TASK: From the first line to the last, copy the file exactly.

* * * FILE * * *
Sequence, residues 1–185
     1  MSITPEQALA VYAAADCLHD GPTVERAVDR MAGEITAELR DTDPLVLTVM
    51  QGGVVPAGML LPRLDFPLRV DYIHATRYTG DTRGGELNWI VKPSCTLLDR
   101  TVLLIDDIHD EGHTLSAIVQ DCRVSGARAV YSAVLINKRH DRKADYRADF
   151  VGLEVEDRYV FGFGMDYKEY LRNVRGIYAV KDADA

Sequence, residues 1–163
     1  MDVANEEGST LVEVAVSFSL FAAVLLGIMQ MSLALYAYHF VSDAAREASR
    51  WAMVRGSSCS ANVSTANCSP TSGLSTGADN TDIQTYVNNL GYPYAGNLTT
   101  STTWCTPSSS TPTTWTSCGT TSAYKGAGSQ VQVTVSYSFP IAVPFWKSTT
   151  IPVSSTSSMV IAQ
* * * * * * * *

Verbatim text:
Sequence, residues 1–185
     1  MSITPEQALA VYAAADCLHD GPTVERAVDR MAGEITAELR DTDPLVLTVM
    51  QGGVVPAGML LPRLDFPLRV DYIHATRYTG DTRGGELNWI VKPSCTLLDR
   101  TVLLIDDIHD EGHTLSAIVQ DCRVSGARAV YSAVLINKRH DRKADYRADF
   151  VGLEVEDRYV FGFGMDYKEY LRNVRGIYAV KDADA

Sequence, residues 1–163
     1  MDVANEEGST LVEVAVSFSL FAAVLLGIMQ MSLALYAYHF VSDAAREASR
    51  WAMVRGSSCS ANVSTANCSP TSGLSTGADN TDIQTYVNNL GYPYAGNLTT
   101  STTWCTPSSS TPTTWTSCGT TSAYKGAGSQ VQVTVSYSFP IAVPFWKSTT
   151  IPVSSTSSMV IAQ